The most effective crosslinking reagents for durable press finishing of cellulose fibers are formaldehyde adducts of urea which release formaldehyde during the production and wearing of in such way treated clothes Formaldehyde durable press finishers are applied to the textile substrate mainly in the form of N-methylol and N-alkoxymethyl compounds
Release of formaldehyde from the textile substrate can be measured by:
STANDARD TEST METHODS
Japan Law 112 (EN ISO 14184-1)
The formaldehyde content below 20 mg/kg can not be shown to be caused by the formaldehyde which was released by the crosslinking reagent .
ALTERNATIVE TEST METHODS
edana recommended test method using HPLC
EN ISO 14184-1 standard test method Standard solutions of formaldehyde with concentration levels of 0.3, 0.6, 0.9, 3.0, 6.0, 15.0 and 30.0 mg/L in the 3,5, - diacetyl –1,4-dihydrolutidin forms were prepared. The formaldehyde derivative solution s w ere prepared in water and in matrix (extract from untreated cotton fibers). Six replicates of each concentration level were prepared From the textile substratef ormaldehyde was extracted with water at 40 C , filtered and then converted by using acetyl - acetone reagent to yellow colored compound
V alidation of absorbance measurements on UV/Vis
With Grubbs and Beck statistical test were shown that there were no aberrant values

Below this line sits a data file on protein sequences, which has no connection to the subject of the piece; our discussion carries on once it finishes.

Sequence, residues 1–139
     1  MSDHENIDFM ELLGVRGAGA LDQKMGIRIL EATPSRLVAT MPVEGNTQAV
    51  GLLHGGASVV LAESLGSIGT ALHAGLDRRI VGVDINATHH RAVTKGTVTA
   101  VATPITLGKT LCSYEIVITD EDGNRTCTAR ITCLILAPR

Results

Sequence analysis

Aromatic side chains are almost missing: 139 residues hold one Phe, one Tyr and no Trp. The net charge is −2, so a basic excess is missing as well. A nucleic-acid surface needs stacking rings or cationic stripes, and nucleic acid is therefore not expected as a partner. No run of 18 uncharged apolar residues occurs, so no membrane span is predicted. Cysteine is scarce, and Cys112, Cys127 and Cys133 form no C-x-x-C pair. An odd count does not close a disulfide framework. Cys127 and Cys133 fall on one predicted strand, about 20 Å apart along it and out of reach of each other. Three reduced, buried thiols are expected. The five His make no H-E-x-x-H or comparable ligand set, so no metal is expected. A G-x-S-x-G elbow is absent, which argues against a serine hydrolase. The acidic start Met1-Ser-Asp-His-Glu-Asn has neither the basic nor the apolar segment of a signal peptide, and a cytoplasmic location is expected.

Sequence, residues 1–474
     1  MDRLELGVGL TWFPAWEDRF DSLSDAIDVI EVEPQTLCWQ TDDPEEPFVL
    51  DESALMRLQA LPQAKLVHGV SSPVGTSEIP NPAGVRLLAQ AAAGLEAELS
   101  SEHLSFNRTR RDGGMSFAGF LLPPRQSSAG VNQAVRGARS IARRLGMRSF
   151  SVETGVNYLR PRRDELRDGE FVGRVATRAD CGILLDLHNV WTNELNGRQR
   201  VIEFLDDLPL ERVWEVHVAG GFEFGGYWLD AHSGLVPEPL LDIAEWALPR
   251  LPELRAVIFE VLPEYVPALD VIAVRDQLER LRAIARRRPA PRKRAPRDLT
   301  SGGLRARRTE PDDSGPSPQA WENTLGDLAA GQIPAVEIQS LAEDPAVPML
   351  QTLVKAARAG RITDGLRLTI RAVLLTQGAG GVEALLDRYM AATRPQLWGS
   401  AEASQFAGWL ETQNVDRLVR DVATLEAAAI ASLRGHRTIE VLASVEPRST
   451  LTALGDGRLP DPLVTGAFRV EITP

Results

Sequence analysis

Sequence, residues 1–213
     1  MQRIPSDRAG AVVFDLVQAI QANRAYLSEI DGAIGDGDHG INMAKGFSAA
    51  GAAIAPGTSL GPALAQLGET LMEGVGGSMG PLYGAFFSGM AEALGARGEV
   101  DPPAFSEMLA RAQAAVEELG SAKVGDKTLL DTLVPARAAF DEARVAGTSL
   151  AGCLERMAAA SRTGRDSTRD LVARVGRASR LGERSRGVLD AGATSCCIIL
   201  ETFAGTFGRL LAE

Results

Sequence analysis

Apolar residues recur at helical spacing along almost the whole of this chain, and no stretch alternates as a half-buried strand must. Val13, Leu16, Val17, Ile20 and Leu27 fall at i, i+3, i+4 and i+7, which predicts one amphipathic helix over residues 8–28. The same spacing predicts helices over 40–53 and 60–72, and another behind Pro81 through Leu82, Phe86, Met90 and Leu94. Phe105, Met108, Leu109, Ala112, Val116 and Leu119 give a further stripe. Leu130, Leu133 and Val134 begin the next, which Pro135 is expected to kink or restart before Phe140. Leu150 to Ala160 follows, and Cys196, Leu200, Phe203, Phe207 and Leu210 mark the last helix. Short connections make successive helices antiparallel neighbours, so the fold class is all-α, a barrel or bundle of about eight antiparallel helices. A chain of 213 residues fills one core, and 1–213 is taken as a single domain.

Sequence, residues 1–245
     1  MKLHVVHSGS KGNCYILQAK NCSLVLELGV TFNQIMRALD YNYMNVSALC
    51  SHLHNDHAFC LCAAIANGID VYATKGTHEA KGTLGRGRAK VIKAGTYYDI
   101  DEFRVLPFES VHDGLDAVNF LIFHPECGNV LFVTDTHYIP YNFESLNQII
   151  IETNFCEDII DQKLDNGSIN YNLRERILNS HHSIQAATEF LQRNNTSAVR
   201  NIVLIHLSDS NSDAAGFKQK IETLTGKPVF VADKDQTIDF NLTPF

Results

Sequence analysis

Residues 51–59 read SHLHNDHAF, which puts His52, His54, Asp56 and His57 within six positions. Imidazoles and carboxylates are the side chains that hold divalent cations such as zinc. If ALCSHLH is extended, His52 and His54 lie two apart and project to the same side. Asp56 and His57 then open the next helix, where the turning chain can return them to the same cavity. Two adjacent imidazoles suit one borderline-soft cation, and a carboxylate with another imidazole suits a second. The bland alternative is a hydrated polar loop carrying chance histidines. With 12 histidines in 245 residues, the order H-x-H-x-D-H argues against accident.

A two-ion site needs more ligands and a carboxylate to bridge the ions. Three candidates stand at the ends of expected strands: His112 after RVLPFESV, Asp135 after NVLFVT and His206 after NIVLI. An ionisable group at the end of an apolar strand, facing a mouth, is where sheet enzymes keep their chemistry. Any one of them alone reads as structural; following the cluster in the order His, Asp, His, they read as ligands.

An F – test was applied to check heteroscedasticity: standard deviation increase with the concentration
Correlation coefficient for standard water and matrix solutions was greater than 0.99
Quality coefficient (QC) was lower than permitted 5%
Anova test shows that the experimental error was smaller than lack of fit (LOF) for the linear calibration curve
Precision of standard water and matrix solutions was better than 10%
The limit of detection (LOD) was 0.628 mg/l
The limit of quantification (LOQ) was 1.197 mg/l
The amount of formaldehyde extracted for each sample can be calculated by:
U ntreated textile material and cross-linking reagent do not contain formaldehyde (7 mg/kg) .
Microcapsule’s wall s contribute to the amount of of the formaldehyde significantly :
The average formaldehyde content for the microencaptulated textile material with empty microcapsules is 715 mg/kg and 766 mg/kg for microencaptulated textile material with microcapsules filled with oils ( both results are obtained by Japan Law method ) .
Results from AATCC test for the same samples are 5.126 mg/kg and 4.174 mg/kg respectively .
indicate that only formaldehyde is released from the textile samples microencaptulated w ith and without essential oil.
Although some amount of formaldehyde is proved in pure essential oil s , amount of essential oil which is applied on textile material with microcapsules (160 g/m 2 ) contribute v e ry little to total amount of formaldehyde. This was proved by the measurements of released formaldehyde after the mechanical damages of microcapsules on the textile substrate
Results given by AATCC test 112-1978 method are expected proportionally higher as results given by EN ISO 14184-1 method.
The a verage results obtained from samles prapered in production line are lower . T hose samples satisfy eco-labeling system’s requirement. T he explanation for this phenomenon is found in different processes of curing and drying.
B y HPLC it was proven that there are no other aldehydes or ketones present on microcapsulated textile materiale
I t was proven that the amount of formaldehyde in essential oils is negligible
M icrocapsule’s wall contributes to the highest degree of the amount of formaldehyde
After washing of textile substrate, the results are considerable lower